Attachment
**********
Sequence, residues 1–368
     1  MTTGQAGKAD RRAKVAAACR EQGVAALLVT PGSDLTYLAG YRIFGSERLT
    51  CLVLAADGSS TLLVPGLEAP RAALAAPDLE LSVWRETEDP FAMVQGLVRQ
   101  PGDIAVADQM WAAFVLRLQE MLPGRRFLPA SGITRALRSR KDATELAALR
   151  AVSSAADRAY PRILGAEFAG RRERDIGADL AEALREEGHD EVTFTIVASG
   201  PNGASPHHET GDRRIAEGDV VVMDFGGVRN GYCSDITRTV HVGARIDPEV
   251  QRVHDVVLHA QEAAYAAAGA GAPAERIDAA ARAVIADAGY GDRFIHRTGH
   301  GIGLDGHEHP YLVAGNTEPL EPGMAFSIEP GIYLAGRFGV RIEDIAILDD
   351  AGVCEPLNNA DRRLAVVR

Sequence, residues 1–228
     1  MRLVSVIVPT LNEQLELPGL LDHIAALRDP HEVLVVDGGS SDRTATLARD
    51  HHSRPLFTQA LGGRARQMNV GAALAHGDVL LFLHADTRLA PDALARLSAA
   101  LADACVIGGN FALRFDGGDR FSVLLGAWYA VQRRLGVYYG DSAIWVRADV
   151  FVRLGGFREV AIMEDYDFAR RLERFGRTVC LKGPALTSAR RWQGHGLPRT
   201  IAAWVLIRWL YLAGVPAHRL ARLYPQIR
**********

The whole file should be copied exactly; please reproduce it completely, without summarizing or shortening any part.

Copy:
Sequence, residues 1–368
     1  MTTGQAGKAD RRAKVAAACR EQGVAALLVT PGSDLTYLAG YRIFGSERLT
    51  CLVLAADGSS TLLVPGLEAP RAALAAPDLE LSVWRETEDP FAMVQGLVRQ
   101  PGDIAVADQM WAAFVLRLQE MLPGRRFLPA SGITRALRSR KDATELAALR
   151  AVSSAADRAY PRILGAEFAG RRERDIGADL AEALREEGHD EVTFTIVASG
   201  PNGASPHHET GDRRIAEGDV VVMDFGGVRN GYCSDITRTV HVGARIDPEV
   251  QRVHDVVLHA QEAAYAAAGA GAPAERIDAA ARAVIADAGY GDRFIHRTGH
   301  GIGLDGHEHP YLVAGNTEPL EPGMAFSIEP GIYLAGRFGV RIEDIAILDD
   351  AGVCEPLNNA DRRLAVVR

Sequence, residues 1–228
     1  MRLVSVIVPT LNEQLELPGL LDHIAALRDP HEVLVVDGGS SDRTATLARD
    51  HHSRPLFTQA LGGRARQMNV GAALAHGDVL LFLHADTRLA PDALARLSAA
   101  LADACVIGGN FALRFDGGDR FSVLLGAWYA VQRRLGVYYG DSAIWVRADV
   151  FVRLGGFREV AIMEDYDFAR RLERFGRTVC LKGPALTSAR RWQGHGLPRT
   201  IAAWVLIRWL YLAGVPAHRL ARLYPQIR